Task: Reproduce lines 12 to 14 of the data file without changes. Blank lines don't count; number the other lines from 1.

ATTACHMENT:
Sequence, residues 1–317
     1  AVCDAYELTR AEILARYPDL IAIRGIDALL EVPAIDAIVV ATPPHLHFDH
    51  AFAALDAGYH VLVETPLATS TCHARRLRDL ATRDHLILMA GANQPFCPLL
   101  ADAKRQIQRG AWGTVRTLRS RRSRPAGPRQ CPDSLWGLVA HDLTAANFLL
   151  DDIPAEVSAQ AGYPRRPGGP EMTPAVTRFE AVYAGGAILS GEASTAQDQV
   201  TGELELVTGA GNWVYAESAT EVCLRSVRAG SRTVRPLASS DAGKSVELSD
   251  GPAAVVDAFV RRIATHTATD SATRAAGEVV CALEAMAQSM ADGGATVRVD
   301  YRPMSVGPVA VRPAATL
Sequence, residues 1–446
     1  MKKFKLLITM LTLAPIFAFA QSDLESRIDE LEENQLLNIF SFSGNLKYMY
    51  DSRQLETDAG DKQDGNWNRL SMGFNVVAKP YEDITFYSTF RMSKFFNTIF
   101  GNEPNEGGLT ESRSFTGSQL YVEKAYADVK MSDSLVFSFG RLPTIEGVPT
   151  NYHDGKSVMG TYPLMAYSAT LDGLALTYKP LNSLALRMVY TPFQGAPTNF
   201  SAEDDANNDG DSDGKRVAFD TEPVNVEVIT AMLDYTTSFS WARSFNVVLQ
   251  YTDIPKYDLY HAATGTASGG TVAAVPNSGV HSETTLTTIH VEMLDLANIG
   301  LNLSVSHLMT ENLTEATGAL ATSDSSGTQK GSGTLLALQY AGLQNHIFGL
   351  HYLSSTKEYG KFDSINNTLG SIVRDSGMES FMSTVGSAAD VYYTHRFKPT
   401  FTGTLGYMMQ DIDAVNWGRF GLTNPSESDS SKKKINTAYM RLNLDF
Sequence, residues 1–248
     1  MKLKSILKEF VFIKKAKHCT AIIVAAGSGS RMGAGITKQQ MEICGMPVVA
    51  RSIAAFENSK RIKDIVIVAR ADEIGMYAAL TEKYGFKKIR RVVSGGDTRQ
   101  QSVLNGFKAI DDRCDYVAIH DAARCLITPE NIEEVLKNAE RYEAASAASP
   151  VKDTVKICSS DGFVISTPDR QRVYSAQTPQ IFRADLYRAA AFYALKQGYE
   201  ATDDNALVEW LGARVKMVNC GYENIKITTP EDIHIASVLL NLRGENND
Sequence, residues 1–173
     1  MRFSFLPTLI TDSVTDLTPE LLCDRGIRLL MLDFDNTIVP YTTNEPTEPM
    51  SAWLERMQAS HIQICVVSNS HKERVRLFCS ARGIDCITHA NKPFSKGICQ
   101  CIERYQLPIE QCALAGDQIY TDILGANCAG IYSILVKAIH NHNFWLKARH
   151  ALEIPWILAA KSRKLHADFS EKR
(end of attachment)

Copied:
   101  GNEPNEGGLT ESRSFTGSQL YVEKAYADVK MSDSLVFSFG RLPTIEGVPT
   151  NYHDGKSVMG TYPLMAYSAT LDGLALTYKP LNSLALRMVY TPFQGAPTNF
   201  SAEDDANNDG DSDGKRVAFD TEPVNVEVIT AMLDYTTSFS WARSFNVVLQ